Since there was no 10am service at St. Julian’s or the guesthouse this morning, I decided to go to the 11am Holy Eucharist at the cathedral. When I arrived I checked which of the side chapels was being used and found out it was the Jesus Chapel. It’s small (of course) with curved stalls along the wall.
When I arrived there were already about ten people there, and it seemed as though about half of them were regulars, the other half visitors. Most of them were elderly. I found a place to sit and found in front of me my old friend, the 1662 Book of Common Prayer. There was just time for me to find the right page before the priest, verger and one other man in a cassock entered the chapel and began the service.
It was not the most uplifting of experiences. The celebrant launched into the service without announcing the page number, and proceeded through the service without any reference to where we were at in the book. The third man of the trio read the lesson, in such a halting way that it seemed he hadn’t read it ahead of time.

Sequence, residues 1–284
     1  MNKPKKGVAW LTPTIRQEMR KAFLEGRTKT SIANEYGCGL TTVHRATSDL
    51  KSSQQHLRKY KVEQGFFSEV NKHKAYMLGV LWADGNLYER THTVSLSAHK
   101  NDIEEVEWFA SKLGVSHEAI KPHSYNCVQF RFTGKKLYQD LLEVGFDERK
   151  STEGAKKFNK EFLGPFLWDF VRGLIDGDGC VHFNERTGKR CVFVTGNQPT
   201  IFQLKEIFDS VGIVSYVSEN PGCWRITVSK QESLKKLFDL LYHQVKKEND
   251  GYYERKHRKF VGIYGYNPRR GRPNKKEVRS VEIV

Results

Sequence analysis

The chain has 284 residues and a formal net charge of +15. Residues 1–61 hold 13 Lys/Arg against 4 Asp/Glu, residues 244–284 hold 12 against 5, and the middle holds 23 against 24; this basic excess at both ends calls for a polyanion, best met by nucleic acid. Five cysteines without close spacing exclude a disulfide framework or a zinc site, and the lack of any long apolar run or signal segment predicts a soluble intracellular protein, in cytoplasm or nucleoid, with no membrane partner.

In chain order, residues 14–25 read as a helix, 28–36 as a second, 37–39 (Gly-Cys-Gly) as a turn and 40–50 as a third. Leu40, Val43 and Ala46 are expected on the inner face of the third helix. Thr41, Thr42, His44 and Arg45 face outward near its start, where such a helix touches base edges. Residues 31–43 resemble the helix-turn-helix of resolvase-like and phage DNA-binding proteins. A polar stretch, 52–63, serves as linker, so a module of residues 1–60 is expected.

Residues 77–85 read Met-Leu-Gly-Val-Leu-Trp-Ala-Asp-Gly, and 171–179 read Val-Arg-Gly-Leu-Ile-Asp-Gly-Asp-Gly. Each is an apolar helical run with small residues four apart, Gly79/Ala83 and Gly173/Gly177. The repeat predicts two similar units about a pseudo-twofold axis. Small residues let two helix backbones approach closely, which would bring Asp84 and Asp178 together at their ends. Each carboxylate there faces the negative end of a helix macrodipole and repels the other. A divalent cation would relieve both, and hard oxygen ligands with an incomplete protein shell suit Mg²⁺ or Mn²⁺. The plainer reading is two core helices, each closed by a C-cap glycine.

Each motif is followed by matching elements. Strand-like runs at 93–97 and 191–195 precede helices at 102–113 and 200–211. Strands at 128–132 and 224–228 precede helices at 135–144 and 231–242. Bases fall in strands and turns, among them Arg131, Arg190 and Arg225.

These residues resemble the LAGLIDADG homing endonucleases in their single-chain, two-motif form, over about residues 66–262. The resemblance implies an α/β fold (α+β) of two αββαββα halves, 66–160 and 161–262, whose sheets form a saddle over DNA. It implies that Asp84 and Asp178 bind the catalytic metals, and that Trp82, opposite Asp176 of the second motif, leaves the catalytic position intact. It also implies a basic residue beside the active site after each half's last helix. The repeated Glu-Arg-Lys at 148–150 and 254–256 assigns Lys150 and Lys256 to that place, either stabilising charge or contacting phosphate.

As was pointed out to me later in the day, the Eucharist is still a sacred and moving act of worship, no matter what surrounds it, and I am glad I went. Norwich Cathedral is beautiful and I enjoyed having the opportunity to worship there and have another look round.
What disappointed me was the perfunctory nature of the service, the disconnect between the priest and the people assembled to worship. To not announce the page numbers, to go through the motions when you are in a place of pilgrimage and sight-seeing, when the possibility of visitors or people new to the service must be high, seems a particularly unwelcoming way of going about things. In York Minister, I have found that the priest who has celebrated the Eucharist generally stands outside the chapel and greets people as they leave, but today the three men left the chapel and that was the end of the service.
A breathtakingly lovely building, but a missed opportunity to really welcome people into the heart of the worship it has been home to for over nine hundred years.